In 2017, I vowed to run races that offered new and unusual experiences, so I applied to Big Dog’s Backyard Ultra Race in Bell Buckle, Tennessee. The race is a last-man standing event; you run a four-mile loop once an hour until you – or your competitors – have dropped out. I was ecstatic to be selected as one of the 70 starters for the 2018 race.
To get ready for the race, I worked with my long-time coach, Ryan Knapp, but I also needed assistance with injury prevention and mobility training. I contacted Jesse Fuller, a trainer in Washington, DC, for remote coaching, which was a game changer. Jesse assigned workouts, critiqued my running through videos, and was always available.
My training appeared to be going great until August, when I felt pain in my right leg. The pain wasn’t going away. I had a bone scan and MRI 10 days before the race, and the doctor told me I had a low-grade stress reaction of my right tibia. It wasn’t a stress fracture, so I considered the nature of the race: only the winner escapes being branded with a DNF (“Did Not Finish”). And it’s a looped course, which means you don’t need to run particularly fast. This meant that I could start the race and, if things went sideways, I could stop.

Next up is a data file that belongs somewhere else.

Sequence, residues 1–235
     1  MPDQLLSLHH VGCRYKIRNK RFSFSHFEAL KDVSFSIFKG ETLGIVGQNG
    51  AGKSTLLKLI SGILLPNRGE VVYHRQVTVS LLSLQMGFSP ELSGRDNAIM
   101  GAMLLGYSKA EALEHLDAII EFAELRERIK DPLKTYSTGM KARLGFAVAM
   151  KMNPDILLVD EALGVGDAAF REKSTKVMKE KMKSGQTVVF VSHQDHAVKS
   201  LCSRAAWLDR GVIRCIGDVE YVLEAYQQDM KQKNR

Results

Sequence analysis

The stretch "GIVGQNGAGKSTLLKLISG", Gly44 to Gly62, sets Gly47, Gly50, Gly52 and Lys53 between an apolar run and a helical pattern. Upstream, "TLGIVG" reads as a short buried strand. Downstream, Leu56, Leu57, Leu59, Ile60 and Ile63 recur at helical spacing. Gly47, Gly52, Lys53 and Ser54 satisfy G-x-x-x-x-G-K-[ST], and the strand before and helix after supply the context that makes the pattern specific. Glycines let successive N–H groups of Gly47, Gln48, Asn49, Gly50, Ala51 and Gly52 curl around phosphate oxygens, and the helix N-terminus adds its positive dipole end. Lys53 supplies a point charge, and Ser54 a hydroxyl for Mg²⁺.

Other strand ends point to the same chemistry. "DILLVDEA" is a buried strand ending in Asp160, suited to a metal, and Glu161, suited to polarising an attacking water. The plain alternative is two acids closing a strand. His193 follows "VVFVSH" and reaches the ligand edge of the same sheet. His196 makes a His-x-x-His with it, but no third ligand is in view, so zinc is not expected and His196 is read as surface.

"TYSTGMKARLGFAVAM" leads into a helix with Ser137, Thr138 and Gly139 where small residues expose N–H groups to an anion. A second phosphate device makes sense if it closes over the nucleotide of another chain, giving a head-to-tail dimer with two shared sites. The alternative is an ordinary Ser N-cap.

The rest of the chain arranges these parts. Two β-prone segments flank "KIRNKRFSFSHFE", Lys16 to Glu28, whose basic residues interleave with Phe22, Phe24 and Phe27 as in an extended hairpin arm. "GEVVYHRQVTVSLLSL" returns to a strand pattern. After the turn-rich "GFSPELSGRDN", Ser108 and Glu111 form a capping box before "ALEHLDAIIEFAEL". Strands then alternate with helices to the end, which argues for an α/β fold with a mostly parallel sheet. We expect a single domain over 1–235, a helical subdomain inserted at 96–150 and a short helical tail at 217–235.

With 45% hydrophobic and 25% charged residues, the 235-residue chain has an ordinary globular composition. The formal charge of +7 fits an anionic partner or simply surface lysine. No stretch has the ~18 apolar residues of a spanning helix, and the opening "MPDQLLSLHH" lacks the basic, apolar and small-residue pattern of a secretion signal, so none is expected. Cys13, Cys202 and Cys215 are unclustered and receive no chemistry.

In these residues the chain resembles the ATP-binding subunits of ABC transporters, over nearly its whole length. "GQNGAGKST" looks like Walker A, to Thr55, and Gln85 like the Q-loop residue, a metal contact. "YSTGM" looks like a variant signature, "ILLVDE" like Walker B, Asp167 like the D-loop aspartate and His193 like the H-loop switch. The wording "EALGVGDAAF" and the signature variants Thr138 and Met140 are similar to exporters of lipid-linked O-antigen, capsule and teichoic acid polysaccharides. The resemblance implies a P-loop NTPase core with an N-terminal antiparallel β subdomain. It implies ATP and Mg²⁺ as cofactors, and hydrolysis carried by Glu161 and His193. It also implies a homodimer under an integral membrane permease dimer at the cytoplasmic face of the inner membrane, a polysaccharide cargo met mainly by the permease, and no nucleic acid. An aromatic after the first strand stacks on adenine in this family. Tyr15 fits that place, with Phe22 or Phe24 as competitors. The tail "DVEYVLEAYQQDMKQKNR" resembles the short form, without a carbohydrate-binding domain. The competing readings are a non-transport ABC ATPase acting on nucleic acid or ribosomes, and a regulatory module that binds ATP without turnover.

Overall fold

I packed my gear and headed to the race with my friend, Gavin Harmacy, who agreed to be my crew at the race.
After setting up, we walked over to say hello to Gary. I presented him with an award I designed commemorate his walk across the US this summer. Thanks to Blaine McFarlane for making this amazing award.
On a rainy and cold Saturday, Oct. 20 at 6:40 a.m., I lined up with 69 runners in the starting corral. The cowbell rang, and we were off.
The race does not reward speed – the key is energy conservation. It’s a mental race. The crowd doesn’t thin out until runners start getting knocked out of the race for not making the cut-off time. So, if you choose to settle behind other runners, you may risk not making the cut-off time.
I ran the first loop in 54 minutes, and had enough time to refill my water bottle, eat something, and get ready to go again. The race process for every loop is:
Throughout the race, you have to make mental notes (i.e. 20-minute mark was the field, 33-minute mark the V tree) to ensure you hit your time marks to keep your pace and make the time.
My race results: 100 miles in 23:50 (this is three hours, 25 minutes faster than my first crack at 100 miles earlier this year).
The winner, Johan Steene of Sweden, ran the race in 68 hours and 283 miles – a truly staggering feat of endurance.
Key race takeaways:
If you’re thinking about running this race, I’m more than happy to answer your questions.
Read a more-detailed post about my race experience on Facebook.